by David Graham
--to Jean, one year dead
For some time, though, he struggled for more to hold on to. "Are you sure you have told me everything you know about his death?" he asked. I said, "Everything." "It's not much, is it?" "No," I replied, "but you can love completely without complete understanding."
--Norman Maclean. A River Runs Through It.
A year since I drove the thousand miles
it took to face your death. You were dust
before I got there, little different
from grit in the interstate wind,
ashpits smoking in backyards, rest stop tiles
smeared with grease and cracker crumbs.
You were ashes in a box, pills in the trash.
The trance of wheel-hum turned
and turned me away from that day,
away from the moonclear night
with its starry jazz, the glow
of emptied parking lots in Akron
and Youngstown. Turned me again
through thirty years of glimpse
and shrug, angers out of nowhere,
laughter equally so--yet brought me
no closer to you for all
the circus-swirl in my head.
Radio static resolved, near Harrisburg,
to a melody you loved--ice
on my tongue, fire in the blood.
I always thought there would be time
for one more pot simmering
on the stove, one more midnight
cracked open like a beer. Your
last words: "I'll call you right back."
A year now. Why should this May
astonish more or less than your last?
The trillium's up, lilacs and apple blossoms
fading fast, goldfinches stitching
the air tight. We knew summer
would come, then fall's brisk business,
winter with its bleached light,
now spring again in its watery glints,
its bluejay blare trumpeting summer.
We always knew the great mud-
and jewel-encrusted wheel
would roll us away from you, by day,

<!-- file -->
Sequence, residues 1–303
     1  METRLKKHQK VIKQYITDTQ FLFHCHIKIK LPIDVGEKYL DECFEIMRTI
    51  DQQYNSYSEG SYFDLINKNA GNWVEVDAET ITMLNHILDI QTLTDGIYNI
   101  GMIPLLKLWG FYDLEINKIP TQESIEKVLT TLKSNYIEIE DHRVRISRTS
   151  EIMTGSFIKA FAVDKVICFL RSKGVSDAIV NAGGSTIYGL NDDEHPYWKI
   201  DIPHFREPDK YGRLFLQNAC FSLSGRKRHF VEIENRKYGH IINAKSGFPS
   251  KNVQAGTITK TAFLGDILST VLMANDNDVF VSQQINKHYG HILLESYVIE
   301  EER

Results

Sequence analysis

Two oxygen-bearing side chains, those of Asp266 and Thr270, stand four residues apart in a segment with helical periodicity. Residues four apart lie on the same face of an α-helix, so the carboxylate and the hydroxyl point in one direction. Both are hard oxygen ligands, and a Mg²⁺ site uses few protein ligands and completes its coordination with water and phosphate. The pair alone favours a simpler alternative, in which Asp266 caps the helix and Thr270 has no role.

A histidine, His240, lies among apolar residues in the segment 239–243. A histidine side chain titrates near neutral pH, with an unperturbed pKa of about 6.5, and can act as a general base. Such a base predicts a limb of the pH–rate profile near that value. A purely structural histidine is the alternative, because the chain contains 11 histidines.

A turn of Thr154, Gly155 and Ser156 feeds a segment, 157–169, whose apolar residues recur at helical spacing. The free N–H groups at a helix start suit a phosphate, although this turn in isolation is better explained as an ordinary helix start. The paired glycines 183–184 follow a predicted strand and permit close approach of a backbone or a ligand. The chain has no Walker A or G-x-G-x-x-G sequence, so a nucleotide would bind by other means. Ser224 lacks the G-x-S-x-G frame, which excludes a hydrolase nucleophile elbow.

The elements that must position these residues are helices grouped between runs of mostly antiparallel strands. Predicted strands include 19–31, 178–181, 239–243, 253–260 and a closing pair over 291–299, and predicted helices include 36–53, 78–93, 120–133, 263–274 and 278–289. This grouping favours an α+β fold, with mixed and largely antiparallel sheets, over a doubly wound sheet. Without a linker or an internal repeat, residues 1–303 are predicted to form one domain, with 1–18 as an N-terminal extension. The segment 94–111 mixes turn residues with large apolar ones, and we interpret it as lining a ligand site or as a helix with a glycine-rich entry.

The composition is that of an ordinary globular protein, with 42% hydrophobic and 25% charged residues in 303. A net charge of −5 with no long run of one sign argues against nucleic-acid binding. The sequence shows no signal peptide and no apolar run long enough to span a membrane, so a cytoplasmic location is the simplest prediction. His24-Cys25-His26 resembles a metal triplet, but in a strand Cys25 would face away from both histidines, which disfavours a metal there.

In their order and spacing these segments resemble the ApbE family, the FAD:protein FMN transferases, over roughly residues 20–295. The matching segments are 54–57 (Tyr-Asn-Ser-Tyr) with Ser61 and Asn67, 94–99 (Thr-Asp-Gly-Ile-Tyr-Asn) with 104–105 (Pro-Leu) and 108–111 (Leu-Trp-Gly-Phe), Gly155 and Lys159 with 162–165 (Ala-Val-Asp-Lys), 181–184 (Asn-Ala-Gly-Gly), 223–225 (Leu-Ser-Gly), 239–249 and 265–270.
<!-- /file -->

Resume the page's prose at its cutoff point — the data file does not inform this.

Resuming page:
by season, by year--knew it well
before your bones consumed themselves
and your soul lapsed into morphine coma,
vegetal breath. We couldn't know
the strangeness of the turning.
The odd blessing of meals with
the gathered clan: you would have
savored that kitchen clamor, delicious
choice of side dish and placemat, reels
or ragas to throb in the background.
Heavy mugs lifted in storied air--you
would have giggled at the surge and lilt
of accents, your Dublin brother-in-law
all dickied up like the dog's dinner, a cousin
mad for Cheetohs. You would have flit
from kitchen to porch with a fresh bowl
of dip, and said very little.
Well, you're silent now. But no more so
this year than some others I could name.
Ah, we'll never finish the six-year quarrel
your cancer interrupted without resolving.
That mystery burned with your bones.
Even unto death you preferred
your chatter practical, chemo cocktails
CAT scans and bloodwork, all the apparatus
of hope, forgive me, without its soul.
I know if you could hear these words
you would swirl away like a scatter
of petals in the wind. How little
your death has changed that. Did the wheel
turn less heavily for you at that
still point? Would you cry to see
your sister cry, slipping on your coat
now washed clean of your scent?
Nothing's ever over.
Today the crows in cemetery treetops
harangue the mowers below, readying
the plots for Memorial Day. Yesterday
workmen hosed poison over the too-lush grass,
and all the dandelions wilted and withered.
I know the turning facts all too well--
gravestones will weather smooth in time,
will crack and crumble to dust, but the weeds
turn up each year brighter than flame.
-originally published in Eclectica 7.4 ((October/November 2003.)